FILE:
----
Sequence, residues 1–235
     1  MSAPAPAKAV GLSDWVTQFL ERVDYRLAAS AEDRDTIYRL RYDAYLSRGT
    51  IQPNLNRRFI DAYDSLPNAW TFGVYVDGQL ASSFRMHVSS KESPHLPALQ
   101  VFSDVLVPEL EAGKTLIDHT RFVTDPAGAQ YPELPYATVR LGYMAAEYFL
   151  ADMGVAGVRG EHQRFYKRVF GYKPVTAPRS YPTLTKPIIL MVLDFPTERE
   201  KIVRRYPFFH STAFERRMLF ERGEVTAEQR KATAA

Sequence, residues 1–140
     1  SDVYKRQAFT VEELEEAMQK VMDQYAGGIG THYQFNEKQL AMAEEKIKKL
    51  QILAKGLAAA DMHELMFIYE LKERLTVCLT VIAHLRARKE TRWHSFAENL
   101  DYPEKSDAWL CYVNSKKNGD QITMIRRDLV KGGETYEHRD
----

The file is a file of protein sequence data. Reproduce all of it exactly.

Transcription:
Sequence, residues 1–235
     1  MSAPAPAKAV GLSDWVTQFL ERVDYRLAAS AEDRDTIYRL RYDAYLSRGT
    51  IQPNLNRRFI DAYDSLPNAW TFGVYVDGQL ASSFRMHVSS KESPHLPALQ
   101  VFSDVLVPEL EAGKTLIDHT RFVTDPAGAQ YPELPYATVR LGYMAAEYFL
   151  ADMGVAGVRG EHQRFYKRVF GYKPVTAPRS YPTLTKPIIL MVLDFPTERE
   201  KIVRRYPFFH STAFERRMLF ERGEVTAEQR KATAA

Sequence, residues 1–140
     1  SDVYKRQAFT VEELEEAMQK VMDQYAGGIG THYQFNEKQL AMAEEKIKKL
    51  QILAKGLAAA DMHELMFIYE LKERLTVCLT VIAHLRARKE TRWHSFAENL
   101  DYPEKSDAWL CYVNSKKNGD QITMIRRDLV KGGETYEHRD